Brooklyn Heights condo leads borough’s luxury market

Unit 1016 at 90 Furman Place last asked $5M

Brooklyn Heights Condo Leads Borough’s Luxury Market
90 Furman Street, 109 Cambridge Place; Douglas Elliman’s Doug Bowen (Google Maps, Getty, Douglas Elliman)

A Toll Brothers condo reigned supreme in Brooklyn’s luxury market last week.

The apartment at 90 Furman Street in Brooklyn Heights, priced at $5 million, was the most expensive home in the borough to snag a contract last week, according to a Compass report.

Unit 1016 in the condominium, built in 2015, spans 2,000 square feet and has three bedrooms and two bathrooms. It also features a nearly 900-square-foot terrace and floor-to-ceiling windows with views of Manhattan and the East River.

Amenities at the waterfront building, called the Pierhouse, include two fitness centers, a yoga and meditation room, on-site valet and parking garage.

Earlier this year, British musician Ed Sheeran rented a four-bedroom apartment at the 106-residence condominium for $36,000 a month. The former listing broker, Sarah Williams of SOCIETE Real Estate, told the New York Post in February that the unit was the most expensive in Brooklyn so far this year.

Pierhouse also got some unwanted publicity last week when The City reported on complaints about noise from a public restroom in the building. Buyers of a $5 million, five-bedroom unit above the bathroom sued in 2020. Noise mitigation efforts, as well as the lawsuit, are ongoing.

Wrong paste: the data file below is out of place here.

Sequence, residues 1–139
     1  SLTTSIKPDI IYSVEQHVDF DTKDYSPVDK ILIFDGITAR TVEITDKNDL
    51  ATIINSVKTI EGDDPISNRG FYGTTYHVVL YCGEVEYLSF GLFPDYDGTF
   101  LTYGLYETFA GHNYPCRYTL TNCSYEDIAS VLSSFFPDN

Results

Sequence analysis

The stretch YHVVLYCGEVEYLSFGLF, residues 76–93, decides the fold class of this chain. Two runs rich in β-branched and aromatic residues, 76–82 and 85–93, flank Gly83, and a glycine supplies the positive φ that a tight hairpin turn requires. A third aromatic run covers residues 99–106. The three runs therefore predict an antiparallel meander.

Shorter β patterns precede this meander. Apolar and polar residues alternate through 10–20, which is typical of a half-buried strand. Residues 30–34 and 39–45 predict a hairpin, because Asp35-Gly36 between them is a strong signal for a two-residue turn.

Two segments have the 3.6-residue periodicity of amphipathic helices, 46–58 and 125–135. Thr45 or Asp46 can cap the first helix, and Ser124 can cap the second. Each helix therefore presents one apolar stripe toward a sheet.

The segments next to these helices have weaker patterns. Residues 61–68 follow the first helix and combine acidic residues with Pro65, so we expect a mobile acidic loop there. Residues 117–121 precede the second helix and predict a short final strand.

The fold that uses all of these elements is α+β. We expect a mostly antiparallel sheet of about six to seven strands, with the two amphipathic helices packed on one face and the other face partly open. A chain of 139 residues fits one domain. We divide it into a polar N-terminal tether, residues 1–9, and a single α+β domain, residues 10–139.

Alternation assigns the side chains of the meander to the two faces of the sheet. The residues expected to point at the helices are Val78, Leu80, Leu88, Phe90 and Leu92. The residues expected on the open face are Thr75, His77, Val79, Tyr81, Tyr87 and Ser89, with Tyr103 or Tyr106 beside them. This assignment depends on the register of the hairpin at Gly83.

The second most expensive home to enter into contract was 109 Cambridge Place in Clinton Hill, with an asking price of $3.7 million. The townhouse, built in 1873, spans 3,500 square feet and has five bedrooms and four bathrooms.

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The Italianate home also features a landscaped garden with a koi pond, fireplace with original detailing, hardwood floors and walk-in closets.

Douglas Elliman’s Doug Bowen had the listing.

Twelve Brooklyn homes priced at $2 million or more went into contract between Sept. 11 and Sept. 17, up from just nine in the previous period. Brooklyn’s luxury market has endured a sluggish summer with weekly contract totals remaining under 20 since mid-July.

Of the dozen deals, five were for condos, one was for a co-op and six were for townhouses.

The average asking price for the homes was $2.8 million, which works out to $1,377 per square foot. The typical home received a 1 percent discount from the initial asking price and spent 161 days on the market.

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